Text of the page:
LPV Humps


I am currently revamping both these pages and this "project".  This will continue as time permits. - Frank

I can often be found  most evenings in the AAVSO chat room. If you want to chat about this project or and other facets of variable stars please stop by any evening.  http://www.aavso.org/chat

  • SFRA Frank Schorr - fschorr at comcast dot net
  • Special thanks to MDW Walter MacDonald
  • Special thanks to Neil Butterworth

Introduction:

I  started this project for the learning experience and to delve deeper into the aspects of the  "humps" on  light curves of various LPVs I noticed while observing.  At this point this is not a "scientific" project but a project to create a list or "catalog" and gather more information on LPVs that show this particular type of behavior to see if there is a reason to start a scientific "project" to discover more about this type of behavior.  I hope to collect data that might be helpful to a researcher.

These "humps" or "bumps" seem to mostly appear on the rising portion of LPV's light curve as seen in the light curve of the 900 day light curve of RU HER above.  A "hump" is a spot on the light curve where the slope of the curve is altered to make it look like the brightening (or dimming) of the LPV "stalls" for a period of time.   (sometimes this is called "stalling" or a "shoulder") 

Sometimes the brightness (or dimness) reverses direction giving the impression of an early maxima or even a double maxima for that cycle.  This may or may not be related to the "double" or "dual" maxima behavior of some "LPV" stars.

At this time I am focusing my energies on my favorite target S ORI and any of the "hump" LPVs that can give me data for it's full cycle such as T CAS, W CAS, S CAS, T CAM, R AUR, V CAM, R LYN, T UMI, WZ DRA, ST CYG, T CEP, S CEP and CT LAQ.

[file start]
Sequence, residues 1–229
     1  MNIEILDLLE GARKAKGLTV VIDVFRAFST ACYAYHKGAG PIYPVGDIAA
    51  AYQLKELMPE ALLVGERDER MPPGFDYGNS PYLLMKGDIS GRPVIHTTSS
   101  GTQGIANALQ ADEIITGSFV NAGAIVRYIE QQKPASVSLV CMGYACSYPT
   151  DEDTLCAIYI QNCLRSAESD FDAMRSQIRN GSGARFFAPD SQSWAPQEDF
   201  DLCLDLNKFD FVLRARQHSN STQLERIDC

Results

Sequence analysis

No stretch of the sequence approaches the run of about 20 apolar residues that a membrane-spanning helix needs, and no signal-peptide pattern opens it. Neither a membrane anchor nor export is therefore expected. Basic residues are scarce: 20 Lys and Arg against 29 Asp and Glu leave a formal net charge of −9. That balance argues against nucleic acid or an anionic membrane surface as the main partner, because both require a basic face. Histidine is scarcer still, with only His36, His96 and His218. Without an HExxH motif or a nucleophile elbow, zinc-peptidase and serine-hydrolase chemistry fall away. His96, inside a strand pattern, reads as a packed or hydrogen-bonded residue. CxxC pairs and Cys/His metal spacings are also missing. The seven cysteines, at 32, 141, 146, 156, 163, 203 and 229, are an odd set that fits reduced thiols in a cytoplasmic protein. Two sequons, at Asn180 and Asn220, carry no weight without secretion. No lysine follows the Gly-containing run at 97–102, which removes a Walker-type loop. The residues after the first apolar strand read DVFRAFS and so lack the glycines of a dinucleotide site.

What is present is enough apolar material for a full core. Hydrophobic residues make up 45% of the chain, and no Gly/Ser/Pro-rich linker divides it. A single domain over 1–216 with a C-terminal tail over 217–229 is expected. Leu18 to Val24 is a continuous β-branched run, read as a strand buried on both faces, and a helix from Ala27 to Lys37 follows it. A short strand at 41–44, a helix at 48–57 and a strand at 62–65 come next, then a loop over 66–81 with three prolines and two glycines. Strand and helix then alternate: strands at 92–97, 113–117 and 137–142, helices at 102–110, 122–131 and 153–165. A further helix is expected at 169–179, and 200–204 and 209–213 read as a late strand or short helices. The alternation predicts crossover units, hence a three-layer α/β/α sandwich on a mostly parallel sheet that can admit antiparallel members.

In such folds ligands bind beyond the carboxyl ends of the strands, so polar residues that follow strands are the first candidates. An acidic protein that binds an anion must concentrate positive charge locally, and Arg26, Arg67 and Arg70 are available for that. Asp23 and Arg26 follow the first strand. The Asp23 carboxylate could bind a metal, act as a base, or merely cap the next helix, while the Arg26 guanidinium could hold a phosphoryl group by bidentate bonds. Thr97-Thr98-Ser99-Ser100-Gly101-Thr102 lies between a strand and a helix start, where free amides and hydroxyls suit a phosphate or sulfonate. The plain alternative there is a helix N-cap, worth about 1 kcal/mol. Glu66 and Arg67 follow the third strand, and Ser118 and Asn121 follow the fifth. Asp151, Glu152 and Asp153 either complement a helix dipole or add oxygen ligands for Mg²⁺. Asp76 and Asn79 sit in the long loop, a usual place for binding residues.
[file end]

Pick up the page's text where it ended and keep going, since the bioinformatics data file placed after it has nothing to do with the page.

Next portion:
I would argue that perhaps the most interesting parts of the light curve for these stars are at the maxima at the beginning of the LC (light curve) cycle, the part of the LC leading into the start of the "hump" event, the time of the "hump" event itself, and the LC as the "hump" event ends.  At these times I would think one observation a day is the proper cadence of observations to be able to gather the most useful information.

Classification attempt

In N. D. Melikian's paper, "Classification of the Light Curves of Mira Variables" (Astrophysics, Vol. 42, No. 4, 1999), Melikian puts forth arguments to classify the light curves of Mira variables based on the "shape" of their light curves.  Mira stars that have a purely sinusoidal shapes would be "simple" light curves.  Mira stars that have very complicated light curves, often with "hump" on the ascending (or decending) light curve including potential dual maxima curve would be classified as having 'complicated light curves'.

After studying the light curves for 223 Mira stars he found the following:

  • The period-spectrum correlation for the "complicated Mira" stars is weak or non-existant.